SO_REUSEADDR woes

Lazyweb,

  1. When I kill my WebSocket server, I have to wait 2+ minutes to restart it because the kernel (2.6.32 Centos 6.2) says my port is still in use. I've tried trapping the signal and calling disconnect on each client connection to no avail. Also no help: setsockopt($S, SOL_SOCKET, SO_REUSEADDR, 1).

    And this is a hassle because:

  1. Every few days this server code just goes catatonic. The process is alive but no longer accepting connections. I've added log messages to every callback, and there's no obvious triggering event that causes it to break; it just seems to happen... every now and then. At that point there's nothing to do but to kill and restart it, which sucks as per above. Attaching a gdb to it didn't tell me anything. How do you debug something like this?

Previously.

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17 Responses:

  1. CJ says:

    Try SO_REUSEPORT?

  2. Christian Vogel says:

    I think you have to setsockopt() before the bind() for it to work properly, the code in backstage/src/websock/dna-websock.pl suggests you are using the other order. As the bind probably takes place within IO::Socket::INET->new, you probably have to patch it in there.


    socket(AF_INET, SOCK_STREAM|SOCK_CLOEXEC, IPPROTO_IP) = 3
    setsockopt(3, SOL_SOCKET, SO_REUSEADDR, [1], 4) = 0
    bind(3, {sa_family=AF_INET, sin_port=htons(8000), sin_addr=inet_addr("0.0.0.0")}, 16) = 0

    • Philip Guenther says:

      The ReuseAddr=>1 argument to IO::Socket::INET->new() makes it call setsockopt(SO_REUSEADDR,1) on the new socket before calling bind or listen. Even the earliest version of Net::WebSocket::Server in metacpan.org passes that to IO::Socket::INET->new().

      I guess the question to jwz is which socket is unable to bind?

  3. foo says:

    By any chance, is the server port in the ephemeral range? I was recently told that the rules applied to ephemeral ports (including reuse) were quite confusing.

    • Philip Guenther says:

      Nope, whoever told you that is misunderstanding how the 2min timeout only applies to an end which sent a FIN before seeing a FIN from the other side. (Normally that's just one end, whichever closes first, but on simultaneous close both ends will go into TIME_WAIT.)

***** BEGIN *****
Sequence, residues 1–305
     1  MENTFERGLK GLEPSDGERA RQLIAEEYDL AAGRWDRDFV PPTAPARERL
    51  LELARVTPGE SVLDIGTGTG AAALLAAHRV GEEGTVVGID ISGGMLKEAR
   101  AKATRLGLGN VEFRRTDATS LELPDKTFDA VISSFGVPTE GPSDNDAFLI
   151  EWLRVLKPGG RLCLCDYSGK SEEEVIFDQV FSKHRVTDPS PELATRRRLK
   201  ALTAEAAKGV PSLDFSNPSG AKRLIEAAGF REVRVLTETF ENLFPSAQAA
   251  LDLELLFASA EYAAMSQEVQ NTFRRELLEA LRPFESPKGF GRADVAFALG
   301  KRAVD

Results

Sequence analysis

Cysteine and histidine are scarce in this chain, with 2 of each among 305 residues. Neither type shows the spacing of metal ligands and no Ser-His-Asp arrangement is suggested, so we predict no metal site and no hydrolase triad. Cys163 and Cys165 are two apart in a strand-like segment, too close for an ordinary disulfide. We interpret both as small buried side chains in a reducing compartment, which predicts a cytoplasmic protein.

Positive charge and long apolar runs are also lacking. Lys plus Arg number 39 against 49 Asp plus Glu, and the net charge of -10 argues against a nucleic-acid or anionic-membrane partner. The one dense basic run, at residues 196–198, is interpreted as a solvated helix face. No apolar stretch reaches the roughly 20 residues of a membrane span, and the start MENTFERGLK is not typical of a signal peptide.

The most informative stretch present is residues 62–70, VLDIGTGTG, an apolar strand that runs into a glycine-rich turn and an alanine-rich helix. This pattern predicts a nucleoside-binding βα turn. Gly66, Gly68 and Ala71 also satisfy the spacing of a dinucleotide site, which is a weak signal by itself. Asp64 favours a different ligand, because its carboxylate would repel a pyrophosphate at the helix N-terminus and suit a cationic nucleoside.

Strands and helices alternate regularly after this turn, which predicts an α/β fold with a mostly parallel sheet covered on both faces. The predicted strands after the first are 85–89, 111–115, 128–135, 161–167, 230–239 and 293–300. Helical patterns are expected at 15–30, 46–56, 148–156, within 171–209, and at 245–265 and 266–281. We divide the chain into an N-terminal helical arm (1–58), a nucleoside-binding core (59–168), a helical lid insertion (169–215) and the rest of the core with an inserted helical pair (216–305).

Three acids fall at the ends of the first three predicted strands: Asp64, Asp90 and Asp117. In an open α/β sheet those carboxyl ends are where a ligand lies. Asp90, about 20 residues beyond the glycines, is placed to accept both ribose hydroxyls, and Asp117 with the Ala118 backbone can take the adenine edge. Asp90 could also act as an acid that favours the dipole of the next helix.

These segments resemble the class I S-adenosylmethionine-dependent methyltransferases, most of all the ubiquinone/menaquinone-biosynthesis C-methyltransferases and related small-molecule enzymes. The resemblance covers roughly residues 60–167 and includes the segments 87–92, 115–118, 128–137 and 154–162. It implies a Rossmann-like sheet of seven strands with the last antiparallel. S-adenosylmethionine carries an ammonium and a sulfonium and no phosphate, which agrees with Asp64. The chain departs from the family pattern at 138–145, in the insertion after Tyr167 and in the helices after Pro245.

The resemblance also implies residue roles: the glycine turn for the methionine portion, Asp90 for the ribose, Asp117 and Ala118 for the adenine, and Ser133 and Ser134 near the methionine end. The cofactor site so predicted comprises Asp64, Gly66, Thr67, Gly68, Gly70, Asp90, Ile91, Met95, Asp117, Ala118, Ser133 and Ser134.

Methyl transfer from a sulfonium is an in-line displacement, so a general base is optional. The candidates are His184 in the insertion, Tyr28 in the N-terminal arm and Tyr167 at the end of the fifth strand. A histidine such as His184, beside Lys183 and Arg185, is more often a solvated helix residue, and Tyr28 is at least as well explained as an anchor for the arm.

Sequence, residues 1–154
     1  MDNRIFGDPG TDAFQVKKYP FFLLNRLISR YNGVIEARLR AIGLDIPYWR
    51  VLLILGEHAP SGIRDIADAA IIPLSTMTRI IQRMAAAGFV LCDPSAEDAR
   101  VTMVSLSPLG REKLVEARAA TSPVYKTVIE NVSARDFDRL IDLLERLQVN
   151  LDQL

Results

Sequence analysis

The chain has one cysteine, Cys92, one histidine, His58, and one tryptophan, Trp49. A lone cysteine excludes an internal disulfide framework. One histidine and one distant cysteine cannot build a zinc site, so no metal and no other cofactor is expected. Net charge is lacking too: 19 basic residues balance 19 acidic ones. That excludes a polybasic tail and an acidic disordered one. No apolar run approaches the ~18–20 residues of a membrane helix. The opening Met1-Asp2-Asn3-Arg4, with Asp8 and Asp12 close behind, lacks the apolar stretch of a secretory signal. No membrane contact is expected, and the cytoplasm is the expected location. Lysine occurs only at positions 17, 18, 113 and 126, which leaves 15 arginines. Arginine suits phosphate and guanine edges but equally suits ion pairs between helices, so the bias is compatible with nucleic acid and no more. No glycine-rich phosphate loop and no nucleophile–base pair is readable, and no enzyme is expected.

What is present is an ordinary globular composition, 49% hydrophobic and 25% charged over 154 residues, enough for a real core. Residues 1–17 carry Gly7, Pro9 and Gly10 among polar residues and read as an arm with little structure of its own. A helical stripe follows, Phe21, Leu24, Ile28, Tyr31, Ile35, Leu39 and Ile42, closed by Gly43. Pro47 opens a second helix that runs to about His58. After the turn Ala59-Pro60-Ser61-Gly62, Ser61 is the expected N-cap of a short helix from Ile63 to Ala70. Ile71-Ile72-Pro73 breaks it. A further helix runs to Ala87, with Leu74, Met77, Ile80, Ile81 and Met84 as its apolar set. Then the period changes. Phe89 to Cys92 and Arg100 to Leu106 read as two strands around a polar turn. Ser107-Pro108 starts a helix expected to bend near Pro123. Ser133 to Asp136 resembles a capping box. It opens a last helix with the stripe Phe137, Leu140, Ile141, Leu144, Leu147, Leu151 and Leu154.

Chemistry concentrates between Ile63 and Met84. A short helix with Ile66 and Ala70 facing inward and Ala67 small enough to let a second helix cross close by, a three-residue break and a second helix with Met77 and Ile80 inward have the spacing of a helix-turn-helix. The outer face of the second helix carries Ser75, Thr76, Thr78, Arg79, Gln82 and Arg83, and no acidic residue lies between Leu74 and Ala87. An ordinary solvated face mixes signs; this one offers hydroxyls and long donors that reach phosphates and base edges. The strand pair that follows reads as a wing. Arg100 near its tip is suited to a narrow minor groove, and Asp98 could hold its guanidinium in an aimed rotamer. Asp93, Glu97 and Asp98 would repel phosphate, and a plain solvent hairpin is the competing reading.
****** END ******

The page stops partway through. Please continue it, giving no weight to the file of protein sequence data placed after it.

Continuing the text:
Ephemeral ports are (normally) used by clients and, for many but not all protocols, clients close first, leading to more TIME_WAIT states on the "ephemeral port" end, but that's not a rule and there's nothing in the protocol specs that changes the TCP state machine depending on the port numbers involved.

  4. Line Noise says:

    You can tune the kernel to clear the socket quicker (10 seconds in this case):

    echo 10 > /proc/sys/net/ipv4/tcp_tw_recycle

    And you can tune it to reuse sockets by default:

    echo 1 > /proc/sys/net/ipv4/tcp_tw_reuse

    There are warnings and caveats about doing this but I've successfully used these settings on busy database servers that were running out of sockets because of too many lingering closed sockets in TIME_WAIT mode.

  5. Perry says:

    The first step is to use netstat to examine what state the kernel thinks the socket is in immediately after the server dies. That won't necessarily make it obvious how to fix it, but it will at least give you a hint of what's going on in the TCP state machine.

    • Nick Lamb says:

      "The process is alive but no longer accepting connections"

      ... also suggests value in diagnosing what this process is doing, it's presumably either entirely asleep (blocked in the kernel) or slowly spinning (polling at say one second timeout in a loop) or else Jamie would say it's chewing CPU.

      As well as using netstat (or I'd suggest lsof -p $pid to get information on what, including sockets, is actually open in that process) it will make sense to take a look at those system calls. strace -p $pid can show you what system calls a process is making, which is often revealing, if it shows just one line and stalls, try making a connection to see if that causes further system calls or not:

      e.g. you may find the process consumes new connections (they get allocated an fd) but somehow never asks any further questions about that fd so it stalls out, or you might find the process is actually stuck on a lock that's not actually socket related per se. In Linux the symptom for the latter will usually be a futex() system call, which is the contended slow path for the futex synchronisation primitive.

  6. R p herrold says:

    CentOS 6.2 kernel code dates from the fall of 2011. I would be tempted to bounce to a current C6 series kernel, as the networking stack has gotten cleaner over time

    Setting unusual parameters such as fast connection closing early and before setting up a given connection seems sensible as well

    Ps something missing as to auth tokens for the Twitter based auth ...

  7. Joss says:

    I'm posting here because comments in the XScreenSaver 5.4.0 topic seem to have been closed already. Is anyone else getting crashes in macOS Mojave 10.14.1 after editing screensaver preferences? (This happens to me in all of the XScreenSavers.) The two standalone apps seem to work fine, more or less at least. ;) Any help is much appreciated, but I fear it may be a bug or system (preference pane) incompatibility.

  8. Kaleberg says:

    Is that timeout still around? I'm getting flashbacks to an SGI UNIX in the early 1990s.

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